Each year, in conjunction with the Media for a Just Society Awards, NCCD recognizes one superior piece of media with the Distinguished Achievement Award. The recipient is chosen by a panel of guest judges. Read about the members of this year’s panel below.
Mari Kuraishi is President of the Jessie Ball duPont fund, a grantmaking organization that focuses on equity and placemaking. Before joining the fund, Kuraishi was co-founder and president of GlobalGiving, a pioneering global crowdfunding platform for nonprofits around the world. Since 2002, GlobalGiving has raised over $500 million from more than a million donors for 25,000-plus projects in 170 countries and was listed as one of Ten Startups Changing the World by Forbes in 2012. Previously, she worked for nine years at the World Bank, starting in 1991 as an Operations Analyst for the Soviet/Russia Program and working up to Leader of the Corporate Strategy Group. Earlier in her career, Kuraishi was a research assistant for the Industrial Bank of Japan, where she researched reform policy and tracked legislative developments that impacted the banking industry. Kuraishi has also served on the boards of many nonprofit organizations and speaks English, Russian, Japanese, French, and Italian.
Antonio Oftelie is Executive Director of Leadership for a Networked World and Fellow at the Technology and Entrepreneurship Center at Harvard University. In these roles, Oftelie conducts research, teaches, and advises on how law, policy, and technology can be aligned to create exceptional environments for innovation. At Harvard, he administers the Harvard Public Sector Innovation Award program, leads the development of multiple summits and executive sessions, and has developed and taught in more than 40 Harvard executive education programs. Oftelie has created practitioner-recognized frameworks and maturity models for organizational innovation and value creation including the Shared Services Horizons of Value, the Uptake and Edge Innovation Matrix, and the Human Services Value Curve. Oftelie applies his research by advising senior government and business executives on organizational transformation.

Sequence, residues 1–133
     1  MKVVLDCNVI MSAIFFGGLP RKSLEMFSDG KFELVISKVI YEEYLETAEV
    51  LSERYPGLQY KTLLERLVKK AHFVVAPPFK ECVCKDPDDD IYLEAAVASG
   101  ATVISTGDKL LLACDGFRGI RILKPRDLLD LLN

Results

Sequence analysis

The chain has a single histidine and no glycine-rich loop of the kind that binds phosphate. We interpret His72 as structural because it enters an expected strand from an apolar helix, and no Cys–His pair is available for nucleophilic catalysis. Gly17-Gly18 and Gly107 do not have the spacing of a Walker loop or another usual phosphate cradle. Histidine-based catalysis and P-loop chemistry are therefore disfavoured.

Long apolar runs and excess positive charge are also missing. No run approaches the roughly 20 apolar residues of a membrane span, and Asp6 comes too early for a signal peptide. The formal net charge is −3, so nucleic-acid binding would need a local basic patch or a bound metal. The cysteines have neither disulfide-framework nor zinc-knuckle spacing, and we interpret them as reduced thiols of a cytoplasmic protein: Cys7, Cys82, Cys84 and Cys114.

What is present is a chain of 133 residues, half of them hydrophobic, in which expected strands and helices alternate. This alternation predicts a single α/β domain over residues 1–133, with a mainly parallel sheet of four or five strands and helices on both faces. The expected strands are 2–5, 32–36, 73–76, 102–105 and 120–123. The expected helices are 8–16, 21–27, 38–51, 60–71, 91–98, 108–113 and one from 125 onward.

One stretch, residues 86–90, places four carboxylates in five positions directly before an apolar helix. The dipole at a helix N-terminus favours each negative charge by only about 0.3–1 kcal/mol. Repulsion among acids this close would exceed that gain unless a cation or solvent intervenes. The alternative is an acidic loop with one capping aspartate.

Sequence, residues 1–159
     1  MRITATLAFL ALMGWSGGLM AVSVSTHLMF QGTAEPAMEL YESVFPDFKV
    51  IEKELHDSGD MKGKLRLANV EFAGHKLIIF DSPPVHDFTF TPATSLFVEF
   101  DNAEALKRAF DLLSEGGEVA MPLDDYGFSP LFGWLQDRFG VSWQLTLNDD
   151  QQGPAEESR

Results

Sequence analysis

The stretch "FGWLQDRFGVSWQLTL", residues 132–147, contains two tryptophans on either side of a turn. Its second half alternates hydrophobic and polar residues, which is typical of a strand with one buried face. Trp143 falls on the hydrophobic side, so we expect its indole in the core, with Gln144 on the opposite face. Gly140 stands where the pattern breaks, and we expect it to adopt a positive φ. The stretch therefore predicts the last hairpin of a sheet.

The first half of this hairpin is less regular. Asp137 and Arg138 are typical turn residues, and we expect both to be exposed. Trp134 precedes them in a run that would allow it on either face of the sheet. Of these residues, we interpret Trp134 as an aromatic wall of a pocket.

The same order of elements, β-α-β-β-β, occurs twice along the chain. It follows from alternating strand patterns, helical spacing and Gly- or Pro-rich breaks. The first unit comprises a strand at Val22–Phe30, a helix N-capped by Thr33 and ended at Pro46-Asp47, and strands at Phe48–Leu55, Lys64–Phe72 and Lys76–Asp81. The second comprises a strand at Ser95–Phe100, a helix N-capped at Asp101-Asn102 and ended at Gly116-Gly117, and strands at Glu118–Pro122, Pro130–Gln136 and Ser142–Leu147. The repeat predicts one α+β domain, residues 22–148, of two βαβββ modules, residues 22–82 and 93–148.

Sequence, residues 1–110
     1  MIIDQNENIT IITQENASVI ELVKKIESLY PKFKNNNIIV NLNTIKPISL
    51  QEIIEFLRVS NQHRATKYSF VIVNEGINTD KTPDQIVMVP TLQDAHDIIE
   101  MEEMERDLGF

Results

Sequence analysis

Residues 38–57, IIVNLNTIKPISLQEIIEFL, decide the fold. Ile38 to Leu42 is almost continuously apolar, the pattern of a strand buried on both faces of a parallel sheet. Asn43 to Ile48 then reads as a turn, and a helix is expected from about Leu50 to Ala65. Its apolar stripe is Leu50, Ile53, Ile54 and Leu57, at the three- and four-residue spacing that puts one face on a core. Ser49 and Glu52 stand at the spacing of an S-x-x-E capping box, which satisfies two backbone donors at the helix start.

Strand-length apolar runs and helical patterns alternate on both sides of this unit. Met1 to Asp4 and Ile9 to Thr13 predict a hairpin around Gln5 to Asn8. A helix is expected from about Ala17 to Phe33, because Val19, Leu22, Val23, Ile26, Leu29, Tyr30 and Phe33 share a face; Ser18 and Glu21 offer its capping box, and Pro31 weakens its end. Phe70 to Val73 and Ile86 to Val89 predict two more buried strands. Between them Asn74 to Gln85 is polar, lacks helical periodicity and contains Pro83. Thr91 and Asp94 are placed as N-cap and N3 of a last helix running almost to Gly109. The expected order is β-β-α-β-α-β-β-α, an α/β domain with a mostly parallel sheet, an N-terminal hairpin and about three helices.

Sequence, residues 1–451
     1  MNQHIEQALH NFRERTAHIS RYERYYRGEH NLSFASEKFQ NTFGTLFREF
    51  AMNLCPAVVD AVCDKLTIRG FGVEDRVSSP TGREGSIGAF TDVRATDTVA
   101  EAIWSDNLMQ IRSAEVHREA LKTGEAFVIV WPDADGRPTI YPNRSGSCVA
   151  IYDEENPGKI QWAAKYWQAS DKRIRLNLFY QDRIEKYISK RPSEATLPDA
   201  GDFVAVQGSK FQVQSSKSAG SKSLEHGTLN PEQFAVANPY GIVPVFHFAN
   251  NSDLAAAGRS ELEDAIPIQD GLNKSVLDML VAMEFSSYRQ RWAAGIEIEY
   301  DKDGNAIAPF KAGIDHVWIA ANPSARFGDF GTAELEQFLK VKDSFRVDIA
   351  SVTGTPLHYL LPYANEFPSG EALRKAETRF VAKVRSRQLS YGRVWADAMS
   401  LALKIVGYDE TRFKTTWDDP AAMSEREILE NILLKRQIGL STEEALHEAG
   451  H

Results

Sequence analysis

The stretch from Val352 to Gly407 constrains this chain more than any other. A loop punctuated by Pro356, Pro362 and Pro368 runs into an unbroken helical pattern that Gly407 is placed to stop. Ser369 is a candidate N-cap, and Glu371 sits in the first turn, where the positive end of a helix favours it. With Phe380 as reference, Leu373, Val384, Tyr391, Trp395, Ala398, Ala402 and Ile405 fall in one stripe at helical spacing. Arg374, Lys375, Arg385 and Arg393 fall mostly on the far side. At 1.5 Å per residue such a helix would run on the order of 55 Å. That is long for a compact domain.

Douglas E. Wood is Director of the Aspen Institute’s Criminal Justice Reform Initiative. From 2011–2018, he was a program officer at the Ford Foundation where, among other tasks, he funded programmatic grants focused on criminal justice reform at the national, state and local levels including investigative journalism, theater and documentary. Prior to joining Ford, Wood was Executive Director and Chief Education Officer of the Tennessee State Board of Education, chair of the Basic Education Program Review Committee that oversees Tennessee’s $3.2 billion K-12 budget, a member of the Tennessee Higher Education Commission, and several other educated-related positions. Wood began his career as a public-school teacher and while a graduate student at Harvard University, worked as a consultant with the Urban Superintendent’s Program, the World Bank’s Office of East Asian Affairs, and taught at the John F. Kennedy School of Government. He received the 2018 Alumni Council Award for Outstanding Contributions to Education from the Harvard Graduate School of Education and is a board member of the Partnership for College Completion.